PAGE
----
Tuesday, May 12, 2020


A redesign for the 2020 model moves the Hyundai Sonata into its eighth generation as what the South Korean company heralds as its “longest standing and most successful model” globally.

With a svelte, coupe-like profile, classy interior, and lots of standard features, the 2020 Sonata makes for a compelling competitor in the affordable midsize sedan segment long dominated by entries from Toyota and Honda.

It comes in four trims with SE and SEL models powered by a 2.5-liter 4-cylinder engine and SEL Plus and Limited getting a new 1.6-liter turbo-4. The 2.5 enjoys a slight horsepower edge (191-180) while the turbo has the advantage in torque (195 pound-feet to 181)

All Sonatas come with an 8-speed automatic transmission with drive mode select, and the difference in mileage numbers is negligible (28 mpg city, 38 highway, 32 combined for the SE, 27/37/32 for SEL and 27/36/32 for SEL Plus and Limited).

The updated styling is what Hyundai trumpets as an example of the company’s “Sensuous Sportiness design language” with cues and touches that depart from the usual Hyundai look, starting up front with a new mesh grille. Overall, the Sonata has a sportier appearance than its predecessor.

The Limited version, which served for my test vehicle, has a long list of standard technological features that include Hyundai’s new remote parking assist. As you have likely seen in TV ads, it allows you do stand outside and maneuver the Sonata into particularly tight parking spaces so you don’t have to worry about door dings or squeezing into and out of the car.

The Limited also gets Hyundai’s advanced blind spot warning system that includes a camera that flashes an image in the instrument panel of what is trailing you to the side you are turning. When turning left, the image appears in the speedometer. When the right turn signal is activated, the image appears in the tachometer.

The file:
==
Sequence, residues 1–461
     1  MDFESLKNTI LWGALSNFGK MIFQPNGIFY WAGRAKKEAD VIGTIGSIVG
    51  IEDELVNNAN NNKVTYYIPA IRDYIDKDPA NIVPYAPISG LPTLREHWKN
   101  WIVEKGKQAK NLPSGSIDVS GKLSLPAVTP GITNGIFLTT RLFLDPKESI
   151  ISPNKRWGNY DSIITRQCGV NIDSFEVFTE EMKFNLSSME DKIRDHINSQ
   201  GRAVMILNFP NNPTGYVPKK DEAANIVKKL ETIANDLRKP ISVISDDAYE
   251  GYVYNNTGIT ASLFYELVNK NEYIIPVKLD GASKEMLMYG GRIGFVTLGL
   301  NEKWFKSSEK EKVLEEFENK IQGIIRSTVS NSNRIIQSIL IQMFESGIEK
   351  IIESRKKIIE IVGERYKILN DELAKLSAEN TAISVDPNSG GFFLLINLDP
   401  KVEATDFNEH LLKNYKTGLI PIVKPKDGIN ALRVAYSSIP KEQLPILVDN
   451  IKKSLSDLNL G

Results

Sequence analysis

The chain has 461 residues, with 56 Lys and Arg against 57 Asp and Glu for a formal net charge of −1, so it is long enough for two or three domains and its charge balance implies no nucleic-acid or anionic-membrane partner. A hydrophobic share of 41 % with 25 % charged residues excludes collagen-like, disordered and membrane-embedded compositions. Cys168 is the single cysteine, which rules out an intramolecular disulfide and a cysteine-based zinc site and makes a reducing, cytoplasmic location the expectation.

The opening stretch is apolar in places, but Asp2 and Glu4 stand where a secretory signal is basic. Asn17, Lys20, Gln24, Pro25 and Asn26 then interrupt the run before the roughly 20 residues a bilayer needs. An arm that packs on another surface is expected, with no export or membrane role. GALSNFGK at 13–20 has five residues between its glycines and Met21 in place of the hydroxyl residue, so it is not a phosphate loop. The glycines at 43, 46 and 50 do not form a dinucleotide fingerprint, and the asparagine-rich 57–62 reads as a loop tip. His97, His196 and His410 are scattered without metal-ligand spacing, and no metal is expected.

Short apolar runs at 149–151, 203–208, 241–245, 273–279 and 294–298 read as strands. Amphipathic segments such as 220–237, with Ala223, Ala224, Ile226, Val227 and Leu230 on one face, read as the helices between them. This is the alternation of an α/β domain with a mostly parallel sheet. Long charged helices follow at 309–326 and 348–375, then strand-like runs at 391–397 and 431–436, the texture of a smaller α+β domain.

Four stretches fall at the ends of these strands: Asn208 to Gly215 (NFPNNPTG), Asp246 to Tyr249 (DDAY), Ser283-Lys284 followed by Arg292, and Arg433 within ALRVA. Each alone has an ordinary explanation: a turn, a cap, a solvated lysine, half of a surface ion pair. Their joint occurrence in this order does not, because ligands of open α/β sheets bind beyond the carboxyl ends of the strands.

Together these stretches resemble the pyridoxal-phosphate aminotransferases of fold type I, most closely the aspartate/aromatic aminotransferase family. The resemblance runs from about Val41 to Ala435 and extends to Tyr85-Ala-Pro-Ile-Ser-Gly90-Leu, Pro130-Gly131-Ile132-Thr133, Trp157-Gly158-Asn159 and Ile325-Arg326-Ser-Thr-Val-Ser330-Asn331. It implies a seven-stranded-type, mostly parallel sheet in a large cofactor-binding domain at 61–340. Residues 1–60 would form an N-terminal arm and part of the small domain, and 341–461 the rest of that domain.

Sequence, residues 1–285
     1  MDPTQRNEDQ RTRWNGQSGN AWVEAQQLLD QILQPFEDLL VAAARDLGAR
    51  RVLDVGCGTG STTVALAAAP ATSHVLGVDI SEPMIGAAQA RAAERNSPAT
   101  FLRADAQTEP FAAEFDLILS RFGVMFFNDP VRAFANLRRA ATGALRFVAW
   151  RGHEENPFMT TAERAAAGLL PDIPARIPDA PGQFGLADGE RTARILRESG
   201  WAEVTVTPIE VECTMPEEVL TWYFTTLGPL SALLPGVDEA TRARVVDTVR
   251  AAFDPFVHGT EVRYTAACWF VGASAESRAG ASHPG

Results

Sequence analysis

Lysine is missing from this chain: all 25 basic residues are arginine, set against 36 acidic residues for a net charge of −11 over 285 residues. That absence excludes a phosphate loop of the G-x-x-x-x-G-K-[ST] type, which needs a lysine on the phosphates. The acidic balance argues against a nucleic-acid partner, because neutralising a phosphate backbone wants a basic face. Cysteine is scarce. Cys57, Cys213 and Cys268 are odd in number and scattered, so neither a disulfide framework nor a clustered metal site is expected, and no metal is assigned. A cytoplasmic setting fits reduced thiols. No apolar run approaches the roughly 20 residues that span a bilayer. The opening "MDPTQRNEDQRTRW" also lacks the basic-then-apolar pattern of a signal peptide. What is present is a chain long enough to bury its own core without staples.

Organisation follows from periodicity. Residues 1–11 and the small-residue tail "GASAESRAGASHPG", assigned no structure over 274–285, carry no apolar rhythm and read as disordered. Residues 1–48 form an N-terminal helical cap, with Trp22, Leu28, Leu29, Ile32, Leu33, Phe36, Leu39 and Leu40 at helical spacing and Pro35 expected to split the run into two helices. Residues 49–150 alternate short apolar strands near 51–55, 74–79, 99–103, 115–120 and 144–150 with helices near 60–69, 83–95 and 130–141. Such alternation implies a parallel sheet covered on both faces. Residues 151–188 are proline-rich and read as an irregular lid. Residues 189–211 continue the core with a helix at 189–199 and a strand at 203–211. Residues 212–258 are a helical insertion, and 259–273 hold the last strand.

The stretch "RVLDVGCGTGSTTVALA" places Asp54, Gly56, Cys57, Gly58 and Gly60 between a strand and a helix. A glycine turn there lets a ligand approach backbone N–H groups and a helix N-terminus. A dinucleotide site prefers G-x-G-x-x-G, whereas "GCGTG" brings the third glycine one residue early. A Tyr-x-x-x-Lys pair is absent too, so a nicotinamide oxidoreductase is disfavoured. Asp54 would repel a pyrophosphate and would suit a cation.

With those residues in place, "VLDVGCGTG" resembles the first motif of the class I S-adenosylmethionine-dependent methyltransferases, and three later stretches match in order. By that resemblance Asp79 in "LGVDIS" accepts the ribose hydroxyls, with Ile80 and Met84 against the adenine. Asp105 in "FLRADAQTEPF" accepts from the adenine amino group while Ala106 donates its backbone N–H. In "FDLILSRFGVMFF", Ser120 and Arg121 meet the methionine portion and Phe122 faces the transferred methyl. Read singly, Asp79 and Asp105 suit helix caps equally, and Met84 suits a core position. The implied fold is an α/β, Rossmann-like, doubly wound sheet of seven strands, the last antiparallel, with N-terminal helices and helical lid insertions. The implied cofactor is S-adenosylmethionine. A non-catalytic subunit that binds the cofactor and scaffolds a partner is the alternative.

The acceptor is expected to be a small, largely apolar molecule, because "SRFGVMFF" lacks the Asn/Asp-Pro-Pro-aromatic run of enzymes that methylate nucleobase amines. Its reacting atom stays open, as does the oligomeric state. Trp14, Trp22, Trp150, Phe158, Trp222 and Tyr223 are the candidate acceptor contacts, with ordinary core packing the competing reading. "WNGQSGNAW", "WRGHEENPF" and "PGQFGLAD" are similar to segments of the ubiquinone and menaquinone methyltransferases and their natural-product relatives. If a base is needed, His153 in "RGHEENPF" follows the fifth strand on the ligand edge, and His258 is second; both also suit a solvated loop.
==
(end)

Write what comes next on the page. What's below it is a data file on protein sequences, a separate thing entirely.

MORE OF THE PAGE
Also new and standard on the Limited is a Digital Key System that lets you start the Sonata via an app on your Smart phone (Android, not iPhone at this time) and an adaptive cruise control that will set your speed to the posted limit (which some, ahem, might consider annoying).

A very clear surround-view camera system, panoramic sunroof, heated and ventilated front seats and leather seating surfaces, push-button start, dual automatic climate control, and a Bose premium sound system also are standard on the Sonata Limited.

You can get some of those functions on other trims by adding Convenience and Technology Packages, but the only extra for my Sonata Limited were carpeted floor mats for $135, which with the $930 destination and delivery charge ran the final MSRP up to $34,365.

Sonata SE models start at $23,600, the SEL at $25,700, and SEL Plus at $27,650.

What I liked about the 2020 Hyundai Sonata Limited: It looks great, and the upgrades have given the interior a classy appeal. The ride is very smooth and quiet. Safety features like blind-spot warning and smart cruise control are standard on the Limited.

What I didn’t like about the 2020 Hyundai Sonata Limited: It’s a small thing, tiny really, but I don’t like the elimination of a knob to change radio stations and surf the dial. In itself it is not so bad, but it is a step in the wrong direction for a company known for user-friendly technology. A more powerful engine option also would be a nice addition for a sportier performance.

Would I buy the 2020 Hyundai Sonata Limited? Yes. It’s a good looking sedan with a long list of standard features and though it doesn’t rate high in performance, it is up to most daily challenges.

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